Similarly, most Axios stories are between 200 and 400 words.” I think that short is a good guideline,” Shafer told me. “Without being critical of Axios I would say that writing intelligently is the real thing to shoot for—if you can do it in 250 words, god bless you.” Axios’s goal appears to be to make every post short enough to be fully read, not skimmed. The information is arranged like a memo. In fact, it’s not dissimilar to Trump’s reported dictum that all briefings fit on one page and include no more than nine bullet points—if it’s good enough for Trump, it’s good enough for Axios, I guess.
The problem is that contextualizing information is one of journalism’s most important duties, and the Axios model has almost no room for context. Every post feels like a briefing, but if you’re hungry for more information there’s nowhere else to go. “One of the main challenges for me in following this administration is that there is so much information and there are so many tweets and quotes,” Laura Hazard Owen, the deputy editor of the Nieman Journalism Lab, told me. “Bullet points are less helpful in that context because there’s no narrative: It’s just information being thrown at you all the time. If there’s no organizing theme, it just becomes a laundry list of things.”
Many items do end with a bit of analysis—a takeaway labeled “why it matters,” “what it means,” or “the bottom line.” Here, for instance is why the speech Trump gave on Saturday marking his 100th day in office matters: “This remarkable speech shows Trump’s inside-outside game. Inside, he’s sculpting his 100-days narrative and giving a raft of interviews, assuring Beltway reporters that he knows they still matter.... On the road, journalists are his go-to foil.” Allen ends with a bullet point of advice: “Be smart: Don’t over-interpret either half.”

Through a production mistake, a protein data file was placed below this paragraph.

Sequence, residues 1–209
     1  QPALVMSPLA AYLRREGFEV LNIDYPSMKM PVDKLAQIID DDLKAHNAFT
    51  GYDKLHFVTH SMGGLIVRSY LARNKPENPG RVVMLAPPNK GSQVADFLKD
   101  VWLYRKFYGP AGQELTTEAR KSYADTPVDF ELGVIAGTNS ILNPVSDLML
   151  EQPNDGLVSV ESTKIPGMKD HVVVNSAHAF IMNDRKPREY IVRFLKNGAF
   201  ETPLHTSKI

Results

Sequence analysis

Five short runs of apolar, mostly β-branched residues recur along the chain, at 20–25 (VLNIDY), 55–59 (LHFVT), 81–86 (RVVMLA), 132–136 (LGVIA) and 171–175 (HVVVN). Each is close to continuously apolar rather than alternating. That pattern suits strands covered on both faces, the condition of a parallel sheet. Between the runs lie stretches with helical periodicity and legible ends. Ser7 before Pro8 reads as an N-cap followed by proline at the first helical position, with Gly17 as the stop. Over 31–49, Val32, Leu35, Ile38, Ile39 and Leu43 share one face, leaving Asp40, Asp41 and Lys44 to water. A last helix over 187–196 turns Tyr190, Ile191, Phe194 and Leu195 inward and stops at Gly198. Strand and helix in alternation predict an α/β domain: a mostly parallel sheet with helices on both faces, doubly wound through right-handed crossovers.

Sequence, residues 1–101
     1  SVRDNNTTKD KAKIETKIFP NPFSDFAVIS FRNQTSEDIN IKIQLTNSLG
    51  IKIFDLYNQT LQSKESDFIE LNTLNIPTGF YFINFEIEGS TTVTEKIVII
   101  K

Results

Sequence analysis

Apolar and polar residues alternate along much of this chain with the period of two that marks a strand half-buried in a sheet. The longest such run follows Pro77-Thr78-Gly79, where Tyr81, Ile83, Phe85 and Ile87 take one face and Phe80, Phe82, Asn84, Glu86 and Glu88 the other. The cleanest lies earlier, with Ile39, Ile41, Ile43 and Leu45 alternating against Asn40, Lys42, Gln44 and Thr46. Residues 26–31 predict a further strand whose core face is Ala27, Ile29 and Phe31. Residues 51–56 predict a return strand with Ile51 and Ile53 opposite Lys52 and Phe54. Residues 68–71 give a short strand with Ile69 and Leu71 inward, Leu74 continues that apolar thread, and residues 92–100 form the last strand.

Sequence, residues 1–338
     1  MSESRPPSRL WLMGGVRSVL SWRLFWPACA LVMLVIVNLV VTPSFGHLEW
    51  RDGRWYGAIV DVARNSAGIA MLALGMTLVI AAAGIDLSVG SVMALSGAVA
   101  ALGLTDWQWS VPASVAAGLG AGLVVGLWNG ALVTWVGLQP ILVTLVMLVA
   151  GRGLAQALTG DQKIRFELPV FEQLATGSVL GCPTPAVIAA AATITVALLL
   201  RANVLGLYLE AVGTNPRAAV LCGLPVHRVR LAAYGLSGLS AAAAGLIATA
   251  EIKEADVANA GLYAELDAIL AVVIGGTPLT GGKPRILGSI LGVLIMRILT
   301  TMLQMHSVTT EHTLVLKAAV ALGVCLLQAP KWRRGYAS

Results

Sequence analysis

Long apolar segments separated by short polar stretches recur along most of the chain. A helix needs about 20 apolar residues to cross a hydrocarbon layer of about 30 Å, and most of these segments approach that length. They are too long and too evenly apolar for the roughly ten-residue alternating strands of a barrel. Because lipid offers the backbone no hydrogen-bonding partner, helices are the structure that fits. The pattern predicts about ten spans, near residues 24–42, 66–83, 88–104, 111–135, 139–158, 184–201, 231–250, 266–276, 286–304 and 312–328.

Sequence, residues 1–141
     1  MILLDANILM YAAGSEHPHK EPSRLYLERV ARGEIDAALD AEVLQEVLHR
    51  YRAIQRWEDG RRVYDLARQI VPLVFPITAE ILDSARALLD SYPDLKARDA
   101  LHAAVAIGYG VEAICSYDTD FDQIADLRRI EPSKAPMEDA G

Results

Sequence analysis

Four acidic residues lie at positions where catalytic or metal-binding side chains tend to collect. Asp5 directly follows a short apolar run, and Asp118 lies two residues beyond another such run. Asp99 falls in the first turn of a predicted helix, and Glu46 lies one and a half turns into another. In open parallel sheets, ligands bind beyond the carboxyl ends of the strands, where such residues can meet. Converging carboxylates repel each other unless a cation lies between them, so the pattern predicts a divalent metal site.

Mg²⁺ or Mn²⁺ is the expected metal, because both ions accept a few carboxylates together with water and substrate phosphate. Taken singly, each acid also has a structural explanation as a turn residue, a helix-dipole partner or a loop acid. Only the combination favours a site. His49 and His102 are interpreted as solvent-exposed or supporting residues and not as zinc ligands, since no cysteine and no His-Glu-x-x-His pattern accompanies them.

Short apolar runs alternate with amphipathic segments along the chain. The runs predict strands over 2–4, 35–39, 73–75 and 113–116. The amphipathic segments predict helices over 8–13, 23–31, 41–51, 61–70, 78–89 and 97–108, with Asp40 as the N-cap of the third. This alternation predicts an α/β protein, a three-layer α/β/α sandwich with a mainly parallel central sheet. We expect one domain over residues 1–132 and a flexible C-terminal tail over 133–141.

Still, Axios deifies one type of journalism (scoop generation) at the expense of another (context), and the result is a blinkered experience. In this respect, Donald Trump and Mike Allen are almost perfect for one another. Trump generates a ton of chatter and Allen is an excellent stenographer of chatter.
The best parts of his newsletters are often (always anonymous) quotes from powerful people. In a breathless entry filed after Trump’s well-received speech before a joint session of Congress, one aide told Allen, “For once, we had the wind at our sails. We decided not to sh*t on ourselves.” That’s a good quote! But the problem with being a stenographer for the powerful is that many of these powerful people are extremely full of it. Furthermore, you have a White House with so many conflicting voices that it makes Rashomon look like an open-and-shut case. Yet Allen dutifully reports their words, which are then shuttled to your inbox before 7 AM.
This ethos bleeds into Axios’s other coverage as well. It’s more invested in technology and Silicon Valley than its business-oriented competitors like The Wall Street Journal—there are lots of features on Elon Musk and the coming AI apocalypse—but no one would confuse it for The Verge, let alone Gizmodo. Which is to say it has invested heavily in getting the kinds of scoops that investors care about—the kinds that will make them money—not necessarily in shedding an unflattering light on some of the most powerful and wealthiest people in the world.
This is a recipe for bad journalism, yes. But it also goes against the grain of what traditional news outlets are betting on. As far as the average consumer goes, skepticism sells, resulting in subscription surges for the likes of The New York Times. “Serious investigative reporting from The New York Times and The Washington Post is really important now,” Hazard Owen told me. “That has the ability to change the narrative.” Still, investors are a valuable commodity for a news organization because they will pay lots of money to get information before other people—the Bloomberg model—and because as an audience they command more advertising dollars.
As it builds its empire, the danger for Axios is that it could become a publication for powerful, important people by powerful, important people. There are too many incentives for it to continue to transcribe the talking points of moguls in big business and politics. At a time when the two are dangerously intertwined, a credulous publication becomes dangerous as well.